Effects of blood type on fertility
September 13, 2022 12:04 PM   Subscribe

An older couple I know struggled with fertility for their whole marriage. One of their family members told me it was due to their blood types, but their reproductive story doesn't match what I understand about blood types. Can anyone explain?

Let's call the woman Laurie. She had 3 healthy children by her first husband. Then she married Jimmy. Laurie and Jimmy had 4 miscarriages, followed by only one child. That child had spina bifida causing physical disabilities, as well as moderate intellectual disabilities that I think were related to the spina bifida as well.

A family member said, "Laurie and Jimmy had the same blood type, O-, and couples with the same blood type can't have babies."

I always thought if the couple's -/+ blood type was mismatched, then the woman could have one baby, but subsequent pregnancies would fail because her immune system would think the baby's blood type was essentially an allergen. But Laurie and Jimmy's first pregnancies weren't viable, and their 5th pregnancy was the only one that was viable.

Also, the family member believed that the child's disabilities were a further sign of Laurie and Jimmy's genetic / blood incompatibility. But I thought the spina bifida was more likely to be a coincidence, since I believe it's either based on dietary folic acid deficiency or can be inherited... but either way, it would NOT be related to the couple's overall fertility issues.

Anyway I'm curious on a scientific level, but of course I didn't want to interrogate anyone's personal life beyond what was voluntarily disclosed to me, so I thought I'd anonymize the details and ask here. Thank you for any insight!
posted by nouvelle-personne to Science & Nature (5 answers total)
Best answer: i can only speak on the RH- part of it, but they have that mixed up. I am negative, husband postive. First baby positive. I received the RhoGam shot to help my body accept any future pregnancies. If my first baby had been negative also, i would not have needed the antibodies as I would not have been exposed to the postive blood. The exposure is what causes the problem.
posted by domino at 12:22 PM on September 13, 2022 [3 favorites]

Best answer: domino's explanation makes sense. erythroblastosis fetalis is the name of the condition.
It almost always happens with Rh- mothers and Rh+ fathers who have an Rh+ child.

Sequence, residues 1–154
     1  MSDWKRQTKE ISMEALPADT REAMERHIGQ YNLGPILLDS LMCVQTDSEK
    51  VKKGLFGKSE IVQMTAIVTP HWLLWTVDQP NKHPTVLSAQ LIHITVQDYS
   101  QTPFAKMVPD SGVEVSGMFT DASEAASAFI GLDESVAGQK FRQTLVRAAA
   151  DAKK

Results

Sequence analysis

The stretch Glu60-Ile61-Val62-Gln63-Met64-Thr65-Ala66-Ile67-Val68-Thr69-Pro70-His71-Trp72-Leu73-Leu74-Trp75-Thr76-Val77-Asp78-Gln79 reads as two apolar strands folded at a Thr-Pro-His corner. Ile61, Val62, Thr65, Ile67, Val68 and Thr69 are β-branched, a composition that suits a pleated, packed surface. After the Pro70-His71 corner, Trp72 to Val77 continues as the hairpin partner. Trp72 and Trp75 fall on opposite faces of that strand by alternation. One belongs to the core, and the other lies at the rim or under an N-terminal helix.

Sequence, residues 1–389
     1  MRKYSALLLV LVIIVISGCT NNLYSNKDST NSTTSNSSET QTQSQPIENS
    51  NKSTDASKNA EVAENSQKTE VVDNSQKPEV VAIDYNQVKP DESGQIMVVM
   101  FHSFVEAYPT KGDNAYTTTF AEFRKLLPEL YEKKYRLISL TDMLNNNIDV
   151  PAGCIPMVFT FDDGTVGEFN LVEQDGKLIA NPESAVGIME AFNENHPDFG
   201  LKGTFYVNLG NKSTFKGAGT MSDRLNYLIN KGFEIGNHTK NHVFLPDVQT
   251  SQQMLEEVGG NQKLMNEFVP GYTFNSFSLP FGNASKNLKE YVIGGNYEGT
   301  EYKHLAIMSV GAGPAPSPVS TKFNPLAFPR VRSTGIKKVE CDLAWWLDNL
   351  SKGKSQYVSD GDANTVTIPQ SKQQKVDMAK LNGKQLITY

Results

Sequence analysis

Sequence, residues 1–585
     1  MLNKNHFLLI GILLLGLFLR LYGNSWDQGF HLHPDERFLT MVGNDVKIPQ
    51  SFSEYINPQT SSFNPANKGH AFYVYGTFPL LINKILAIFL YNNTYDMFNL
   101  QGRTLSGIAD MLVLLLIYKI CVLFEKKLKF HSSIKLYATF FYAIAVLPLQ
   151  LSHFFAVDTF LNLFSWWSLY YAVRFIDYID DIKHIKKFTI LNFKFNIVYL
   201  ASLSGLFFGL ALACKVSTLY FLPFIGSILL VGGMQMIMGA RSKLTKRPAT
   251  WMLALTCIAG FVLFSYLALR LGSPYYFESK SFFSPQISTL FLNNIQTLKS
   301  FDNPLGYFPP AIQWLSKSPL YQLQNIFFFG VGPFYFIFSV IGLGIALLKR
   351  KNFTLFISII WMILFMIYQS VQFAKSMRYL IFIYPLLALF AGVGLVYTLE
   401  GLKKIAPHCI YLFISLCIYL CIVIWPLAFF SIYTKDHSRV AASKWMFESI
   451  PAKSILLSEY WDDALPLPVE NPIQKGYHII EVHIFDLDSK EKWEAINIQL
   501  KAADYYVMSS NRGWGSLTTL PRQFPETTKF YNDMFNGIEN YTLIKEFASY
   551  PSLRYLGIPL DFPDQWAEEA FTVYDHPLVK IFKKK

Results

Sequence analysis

There are some studies that say that women with blood type O are at increased risk of pregnancy defects, but... I've never looked into it because it just sounds like poorly-controlled-study-with-clickbait-headline stuff. I think it pointed to a lower egg reserve generally?

I could be wrong!

But that statement is wrong. Laurie and Jimmy had poor luck or else other medical issues. People with the same blood type conceive and deliver healthy babies all the time
posted by Acari at 1:33 PM on September 13, 2022

Best answer: domino and acari have summarized the only evidence for different blood groups affecting fertility / neonatal survival. Mother must be Rh -ve & father must be Rh +ve && shared offspring must also be +ve. It's a European problem because there Rh -ve genes run at 15% but the frequency is much lower elsewhere. But since the 1970s there has been a European solution where the mother's circulatory system is flooded with Anti-D antibodies [domino's RhoGam shot] very shortly after birth if there is Rhesus incompatability. "European" includes white folks in former colonies. [MeBlog for more Rhesus]

blood group O is associated with some diseases, group A with others but I've not heard about any association with O-A-B and neural tube defects like spina bifida. [MeBlog for more-O-A-B] Nor is there any association with increased maternal age and spina bifida - although there is with Down's Syndrome. Additional dietary Folic acid is still recommended for every woman planning to get pregnant and the condition does run in families.

Hope helps.
posted by BobTheScientist at 2:44 PM on September 13, 2022 [3 favorites]

Best answer: Spina bifida is often caused by folate (vitamin B9) deficiency. Folate deficiency can *also* increase the risk of miscarriage.

Depending on the couple's age - since you mentioned "older" - I thought I'd mention something else that may have had an impact.

If one of the parents (yes, including the male parent) was exposed to Agent Orange, there's a reasonable chance that it was the cause of the spina bifida. The possible exposure timeline is pretty broad. If there's a possibility of this, and the person with spina bifida is still alive, and they (or their caretaker) are unaware, it might be a good idea for someone to let them know. There may be benefits available depending on the level of disability.
posted by stormyteal at 1:40 AM on September 14, 2022

Response by poster: No Agent Orange but thanks for mentioning that! Very possible there was dietary folate deficiency - the couple was often lower-income so their diets may have sometimes been sub-par or had less access to vitamin pills.

But I do know for sure that spina bifida also has a genetic form that’s unrelated to folate and just want to re-iterate that not all forms of it can be prevented by the mom’s diet (since so many moms of kids with SB feel “blamed”).
posted by nouvelle-personne at 8:45 AM on September 14, 2022

« Older Strategies for Boundaries in Arguments with...   |   Salty maple-syrupy water: yes or no? Newer »

You are not logged in, either login or create an account to post comments